Avella vs. Padavan? Maybe; Weiner Looks Ahead To 2009
As Queens Democratic Party Executive Secretary Michael Reich took in the election returns last Tuesday evening at the organization’s Forest Hills headquarters, a smile lit up his face. Once again, City Councilmember Tony Avella had fought off another strong Republican Party challenge to hold his 19th District seat by defeating Peter Boudouvas.
But much of Reich’s glee came from contemplating a few months from now. Always looking for new conquests, the party’s chief strategist saw Avella’s hard-fought victory in the Northeast Queens enclave as the ideal time to go after an arch nemesis, state Senator Frank Padavan, the Republican powerhouse from Bellerose.
Recalling the excitement of the final day of the Avella–Boudouvas campaign, as a small army of Democratic field workers sent out by Party Chairman Thomas Manton descended upon Bayside, Whitestone and College Point for a final spurt by their candidate against an equal force of Republicans, Reich commented, “Padavan was all over the place today. You should have seen him trying to keep Avella’s numbers down against his boy, meaning that Padavan didn’t want Avella to win in impressive fashion.”
Boudouvas has worked for several years for Padavan as a community representative, attending most community meetings as Padavan’s eyes and ears as the lawmaker attended to matters in Albany. So Padavan had more than usual interest in the race: he had endorsed Boudouvas strongly and so had Mayor Michael Bloomberg and Queens Republican Chairman Serphin Maltese, the borough’s other Republican state senator. Maltese and Padavan are the only GOP lawmakers from Queens in Albany.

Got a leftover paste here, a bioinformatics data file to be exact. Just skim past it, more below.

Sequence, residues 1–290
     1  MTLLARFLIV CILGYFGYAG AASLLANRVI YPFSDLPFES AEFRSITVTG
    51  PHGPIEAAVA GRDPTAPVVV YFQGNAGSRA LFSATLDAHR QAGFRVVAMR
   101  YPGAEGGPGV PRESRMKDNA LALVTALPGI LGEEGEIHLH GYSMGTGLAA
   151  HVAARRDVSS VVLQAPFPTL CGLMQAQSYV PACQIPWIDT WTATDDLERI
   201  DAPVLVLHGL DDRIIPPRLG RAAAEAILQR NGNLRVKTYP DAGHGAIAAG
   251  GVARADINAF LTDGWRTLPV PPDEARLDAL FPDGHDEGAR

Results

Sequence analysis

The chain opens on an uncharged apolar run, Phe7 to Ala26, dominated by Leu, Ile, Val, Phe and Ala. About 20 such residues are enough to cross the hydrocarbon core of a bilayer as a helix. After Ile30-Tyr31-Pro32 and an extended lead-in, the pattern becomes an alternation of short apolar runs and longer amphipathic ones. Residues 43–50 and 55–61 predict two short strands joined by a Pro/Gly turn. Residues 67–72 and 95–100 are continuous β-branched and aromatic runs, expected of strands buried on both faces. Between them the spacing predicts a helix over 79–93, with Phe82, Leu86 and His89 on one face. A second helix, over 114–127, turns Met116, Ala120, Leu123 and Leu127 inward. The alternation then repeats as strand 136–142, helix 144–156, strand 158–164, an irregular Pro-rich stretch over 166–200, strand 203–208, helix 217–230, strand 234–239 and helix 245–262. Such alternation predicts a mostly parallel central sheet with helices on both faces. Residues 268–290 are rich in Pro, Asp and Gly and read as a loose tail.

Along with the mayor, Padavan and Maltese, the Northeast Queens Republican Club, the strongest in the borough, had been mobilized for the one real chance the party had to win on election Day.
But Avella, the Reich-led Democratic volunteers and his own local organization, were up to the task and turned back Boudouvas’ challenge.
When we informed Padavan about Reich’s comments and his encouraging Avella to challenge the senator, Padavan responded: “That’s not news.” He added: “I’m always ready.”
Avella, reached at his office in Bayside, responded about a possible challenge, “I haven’t ruled it in or out. I’m complimented that people think I can take on such an entrenched and established official.”
Avella said that following his impressive victory over Boudouvas, his well-supported foe, “Lots of people have approached me to run [against Padavan] or [for] some other citywide office in 2009.” Avella, like most of his Queens city council colleagues, will be forced out of office at the end of 2009 by term limits.”
For Reich’s scenario to work out, Padavan will have to run for re-election again next year, which he’s expected to do, and Avella must decide to challenge him. That’s a hard decision to make, since Avella just completed a tough campaign and a challenge to Padavan would be hard to achieve. He’s been the area’s representative for about 35 years and has achieved icon status, serving the area extremely well.
A LOOK AHEAD TO 2009: Making plans for a major career move four years down the road is a tough proposition, but Congressmember Anthony Weiner is reportedly considering doing just that—running for mayor again.
Colleagues of the 41-year-old Queens/Brooklyn lawmaker, who created quite a stir, running in the Democratic mayoral primary earlier this year and then withdrawing from the race, say Weiner plans to form a committee in a year or two to give a run for the mayor’s office another try in 2009.